McLeroy Under Fire Again By Special Interests

The process of revising the science standards in Texas has been a focus on major debate by many people. Since the chairmen of the education board is a creationist, we see many of the old arguments being displayed on such online publications like the American-Statesmen for example…

“McLeroy’s critics, who include many Texas scientists, accuse him of trying to undermine a multitude of scientific evidence that supports evolution and replace it with a discussion of the supernatural in public schools.”

This statement is false, firstly public schools are currently unable by law to mention God as the creator. Secondly, McLeroy’s discussion on some of the weaknesses in the fossil record concerning “gradualism” was about quoting well known defenders of evolution. In his presentation made available by podcast, McLeroy begins by pointing out in a book by Ernst Mayr which considers evolution as fact, says the earliest fossils we have to date around 3.5 billion years old, show no changes whatsoever.  Another point McLeroy makes in the same book concerning the human brain where proponent of evolution Ernst Mayr says has not  changed one bit over a course of about 150 million years.

The Structure of Evolutionary Theory, a book written by Stephen J. Gould in 2002 but was also republished in part back in 2007 was another author McLeroy used to show the weakness of “gradualism” in the fossil record.

Stephen J. Gould helped develop a theory called; “Punctuated equilibrium” in 1980 to explain why the fossil record was showing abrupt appearances while showing a lack of major change in animals. Only a rare number of fossils have been interpreted as transitional forms. Punctuated equilibrium suggests little change (not very noticeable if at all) in the animals during their lifespan but when evolution does occur it’s a rapid change branching out into different species.

On page 749 in Stephen J. Gould’s book, “The last resemblance of a species looks pretty much like the first one.” Basically the same concept Richard Dawkins advocates where nature looks designed, but it’s an illusion, here Gould suggests basically the same thing, even though it’s appearance in the fossil record is the same through the many generations, the species still underwent major evolutionary changes not just small within it’s own kind like what we observe all the time. In other words, what we see in the fossil record as “abrupt” or showing animals looking the same  is another illusion because it’s not fitting with the theory of evolution.

Nothing in McLeroy’s presentation in front of the educational board in Texas has anything to do with discussing the supernatural as Laura Heinauer of the Statemen would like to have us believe. Being critical of “gradualism” is not advocating God. Although, one can conclude that way, and perhaps this is what the fear of many proponents of evolution have so they staunchly fight for no weaknesses in evolution, while attacking those who support teaching weaknesses along side so-called strengths in evolution and anything that may appear as a weakness, they claim is another “illusion” which will eventually disappear as explanations progress.

3 thoughts on “McLeroy Under Fire Again By Special Interests

  1. Michael, they are not interested in facts only in keeping evolution as the center of attention and destroying any understanding of God.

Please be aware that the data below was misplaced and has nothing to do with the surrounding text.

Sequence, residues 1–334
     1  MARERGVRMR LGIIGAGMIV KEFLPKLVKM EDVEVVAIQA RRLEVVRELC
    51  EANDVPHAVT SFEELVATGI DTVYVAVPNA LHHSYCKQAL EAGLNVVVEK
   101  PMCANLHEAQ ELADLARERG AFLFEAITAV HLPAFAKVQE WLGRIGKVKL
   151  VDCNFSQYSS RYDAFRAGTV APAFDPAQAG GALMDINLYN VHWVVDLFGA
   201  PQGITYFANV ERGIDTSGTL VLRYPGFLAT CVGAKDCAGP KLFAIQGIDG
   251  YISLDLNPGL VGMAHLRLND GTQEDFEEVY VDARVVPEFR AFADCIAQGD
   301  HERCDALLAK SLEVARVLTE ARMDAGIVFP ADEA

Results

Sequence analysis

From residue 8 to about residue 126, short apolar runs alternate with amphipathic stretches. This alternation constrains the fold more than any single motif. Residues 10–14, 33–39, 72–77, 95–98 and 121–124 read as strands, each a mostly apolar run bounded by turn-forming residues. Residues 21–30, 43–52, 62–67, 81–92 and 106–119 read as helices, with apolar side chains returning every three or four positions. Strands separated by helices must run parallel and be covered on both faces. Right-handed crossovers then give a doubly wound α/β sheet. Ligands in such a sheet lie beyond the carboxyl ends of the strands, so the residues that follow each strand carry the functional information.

I do not remember if I pointed this out here before but the more evolutionist push their theory in government schools the more Americans keep pulling their children out and putting them in either Privately funded schools or home schooling them. In correlation, the more this all happens the higher the drug use, teen pregnancy, violence and lower test scores occurs.

    In regards to just homeschooling: “the weighted estimate of the number of students being homeschooled in the United States in the spring of 2003 was 1,096,000.” That’s a 29% increase from 1999. And if the level of education is being questioned, “their test scores are typically above average. On 1999’s SAT, “homeschoolers scored an average 1,083 (verbal 548, math 535), 67 points above the national average of 1,016.”

    So evolution does increase the scholastic level of schools, it kills it.

  2. You have a point there, mcoville

    Some of my friends have taught their kids at home rather than sending them to public school because of the very reason you outlined as well as other things like special interest groups, lack of discipline, drugs weapons. I graduated from a public school, I seen much violence, drug use, teachers frustration over students refusing to learn, not much parental support. I do not always blame the teaching method as sole cause because there are other factors as well but forcing evolution down people’s throats does not help increase grades. Yes, another good point! Those homeschooled have tested higher in SATs than those who went through the government’s system. One of my friends kids tested 2 to 3 years ahead of their public school counterparts.

  3. What is the idea behind your term ‘special interests’ ?

    It seems you think ‘evolution’ is special – which is odd, as it is THE standard theory of biology. And nobody is forcing this down to anyones throat. If you don’t believe it, fine !
    But it is what the overwhelming majority of scientists feel is the right model, so that should be taught.

    Unless you want *all* alternative models to be taught ? All versions of creationism, ID, and hundreds of creation theories dreamt up by hundreds of peoples ?

    I really think you want to teach the most successful model, the one that seems to work best. Seems to, because you never know for sure, but evolution is certainly the best bet at the moment. By far.

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